In Goblet of fire, chapter 23 (Yule Ball) we hear Hagrid talking about his family for the first time.

“It was my mother,” said Hagrid quietly. “She was one o’ the las’ ones in Britain. ’Course, I can’ remember her too well . . . she left, see. When I was abou’ three. She wasn’ really the maternal sort. Well . . . it’s not in their natures, is it? Dunno what happened to her . . . might be dead fer all I know. . . .”

And then we get some more details from Rita Skeeter in the next chapter (Rita Skeeter's Scoop)

His mother, we can exclusively reveal, is none other than the giantess Fridwulfa, whose whereabouts are currently unknown. . . . While many of the giants who served He-Who-Must-Not-Be-Named were killed by Aurors working against the Dark Side, Fridwulfa was not among them. It is possible she escaped to one of the giant communities still existing in foreign mountain ranges.

So we know that neither Hagrid nor Harry, Ron or Hermione know the fate of Hagrid's Mom. And then in Order of Phoenix, chapter 20 (Hagrid's Tale) Hermione says,

“Hagrid?” said Hermione quietly after a while. “Mmm?” “Did you . . . was there any sign of . . . did you hear anything about your . . . your . . . mother while you were there?”

Naturally after hearing where he had gone she was curious to know if he managed to meet his mother. And then immediately after that she says:

Hagrid’s unobscured eye rested upon her, and Hermione looked rather scared. “I’m sorry . . . I . . . forget it —” “Dead,” Hagrid grunted. “Died years ago. They told me.” “Oh . . . I’m . . . I’m really sorry,” said Hermione in a very small voice.

She says "I forgot". But when did she learn about the fate of Hagrid's mother when till the fourth book they were not sure if she is dead or alive?

  • 47
    In your citation, assuming it is correct, you say that she says "forget it" and not "I forgot".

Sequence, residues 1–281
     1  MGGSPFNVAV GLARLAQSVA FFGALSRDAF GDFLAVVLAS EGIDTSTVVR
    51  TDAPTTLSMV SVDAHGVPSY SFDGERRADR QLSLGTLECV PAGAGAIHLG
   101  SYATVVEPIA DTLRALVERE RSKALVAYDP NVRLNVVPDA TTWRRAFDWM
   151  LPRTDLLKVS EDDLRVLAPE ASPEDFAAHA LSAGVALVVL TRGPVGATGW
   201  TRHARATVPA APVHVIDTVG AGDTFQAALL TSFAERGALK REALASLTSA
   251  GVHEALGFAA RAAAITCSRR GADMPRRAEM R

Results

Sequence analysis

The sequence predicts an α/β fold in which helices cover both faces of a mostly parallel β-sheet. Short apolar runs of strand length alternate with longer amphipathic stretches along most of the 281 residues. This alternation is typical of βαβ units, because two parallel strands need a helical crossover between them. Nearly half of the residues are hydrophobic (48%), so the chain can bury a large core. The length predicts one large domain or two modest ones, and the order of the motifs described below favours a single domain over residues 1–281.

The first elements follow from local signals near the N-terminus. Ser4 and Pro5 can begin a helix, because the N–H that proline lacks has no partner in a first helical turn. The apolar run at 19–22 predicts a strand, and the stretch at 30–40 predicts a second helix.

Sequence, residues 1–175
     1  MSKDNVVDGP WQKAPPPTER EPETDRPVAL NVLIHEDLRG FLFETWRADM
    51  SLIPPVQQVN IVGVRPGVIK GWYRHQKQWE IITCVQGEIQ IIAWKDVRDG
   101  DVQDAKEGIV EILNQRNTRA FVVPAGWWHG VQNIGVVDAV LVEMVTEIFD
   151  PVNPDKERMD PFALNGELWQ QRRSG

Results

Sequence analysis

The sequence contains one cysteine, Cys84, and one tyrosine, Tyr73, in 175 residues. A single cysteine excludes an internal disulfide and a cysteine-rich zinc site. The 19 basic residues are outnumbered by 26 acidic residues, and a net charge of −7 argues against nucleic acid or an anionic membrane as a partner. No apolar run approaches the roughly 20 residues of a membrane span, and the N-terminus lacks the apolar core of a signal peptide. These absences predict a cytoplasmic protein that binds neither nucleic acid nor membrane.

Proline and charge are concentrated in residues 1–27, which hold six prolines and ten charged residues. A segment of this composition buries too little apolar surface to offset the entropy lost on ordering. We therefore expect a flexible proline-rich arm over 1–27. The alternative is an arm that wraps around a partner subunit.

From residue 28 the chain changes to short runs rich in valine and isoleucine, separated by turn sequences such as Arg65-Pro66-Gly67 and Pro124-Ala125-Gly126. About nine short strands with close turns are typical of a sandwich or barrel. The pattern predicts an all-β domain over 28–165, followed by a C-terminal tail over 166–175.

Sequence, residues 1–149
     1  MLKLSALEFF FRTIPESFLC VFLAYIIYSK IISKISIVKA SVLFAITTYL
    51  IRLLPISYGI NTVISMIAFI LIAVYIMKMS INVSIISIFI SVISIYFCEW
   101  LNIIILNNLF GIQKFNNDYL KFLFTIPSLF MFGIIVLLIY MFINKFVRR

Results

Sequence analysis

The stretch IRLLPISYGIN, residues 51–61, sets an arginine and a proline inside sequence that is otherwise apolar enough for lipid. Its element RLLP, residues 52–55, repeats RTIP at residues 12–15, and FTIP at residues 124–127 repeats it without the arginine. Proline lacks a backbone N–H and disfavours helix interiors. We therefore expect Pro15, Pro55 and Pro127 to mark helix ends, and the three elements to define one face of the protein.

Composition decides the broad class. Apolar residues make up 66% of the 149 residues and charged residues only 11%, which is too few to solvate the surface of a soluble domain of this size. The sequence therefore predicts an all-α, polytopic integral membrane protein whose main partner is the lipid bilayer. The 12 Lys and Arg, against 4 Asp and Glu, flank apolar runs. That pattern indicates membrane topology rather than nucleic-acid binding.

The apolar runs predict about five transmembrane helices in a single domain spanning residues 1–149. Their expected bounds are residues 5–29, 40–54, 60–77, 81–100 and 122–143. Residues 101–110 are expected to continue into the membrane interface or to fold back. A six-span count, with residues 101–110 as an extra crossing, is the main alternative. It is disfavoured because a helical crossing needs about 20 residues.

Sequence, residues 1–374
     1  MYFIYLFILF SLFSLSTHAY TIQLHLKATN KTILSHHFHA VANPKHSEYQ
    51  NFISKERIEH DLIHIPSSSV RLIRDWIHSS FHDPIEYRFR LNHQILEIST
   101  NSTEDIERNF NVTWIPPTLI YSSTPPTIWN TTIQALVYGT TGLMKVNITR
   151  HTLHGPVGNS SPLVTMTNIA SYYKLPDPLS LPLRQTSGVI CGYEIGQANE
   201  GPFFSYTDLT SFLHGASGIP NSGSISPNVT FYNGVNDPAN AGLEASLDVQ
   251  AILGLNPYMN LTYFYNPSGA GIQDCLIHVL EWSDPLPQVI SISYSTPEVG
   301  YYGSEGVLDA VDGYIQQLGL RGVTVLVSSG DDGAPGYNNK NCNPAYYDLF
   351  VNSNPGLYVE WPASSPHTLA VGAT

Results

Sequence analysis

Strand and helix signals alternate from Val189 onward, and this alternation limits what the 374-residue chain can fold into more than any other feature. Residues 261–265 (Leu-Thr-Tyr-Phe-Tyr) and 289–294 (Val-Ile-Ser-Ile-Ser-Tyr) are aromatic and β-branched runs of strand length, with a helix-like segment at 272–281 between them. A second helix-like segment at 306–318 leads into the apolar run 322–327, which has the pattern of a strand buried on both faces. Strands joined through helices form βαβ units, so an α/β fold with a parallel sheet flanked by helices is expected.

– Raditz_35
    Commented Nov 15, 2017 at 9:51
  • 4
    I'm glad that the German translators of Harry Potter did not keep this written accent. It's so difficult to read. Commented Nov 15, 2017 at 9:53
  • 9
    @Fabian For someone with English as their first language (or at least, someone from Britain) it's not too difficult, and it's nice to see that linguistic diversity in print. Is there not a German equivalent that could have been used? Swabian?
    – owjburnham
    Commented Nov 15, 2017 at 13:10
  • 32
    "forget it" means "you should forget I said that", not "I forgot". This is based on a misunderstanding of the text. Commented Nov 15, 2017 at 13:52
  • 20
    I'm voting to close this question as off-topic because it is based on a misreading/misunderstanding of the text. Commented Nov 15, 2017 at 16:53

1 Answer 1


“I’m sorry . . . I . . . forget it —”

This depicts Hermione attempting 2 different methods of apology for stepping on such an emotional landmine for Hagrid, until finally giving up and trying to put the interaction behind them.

  1. I'm sorry for mentioning anything
  2. I didn't realise it was an upsetting question (or something to that nature)
  3. Never mind Hagrid, please forget it that I said anything in the first place.

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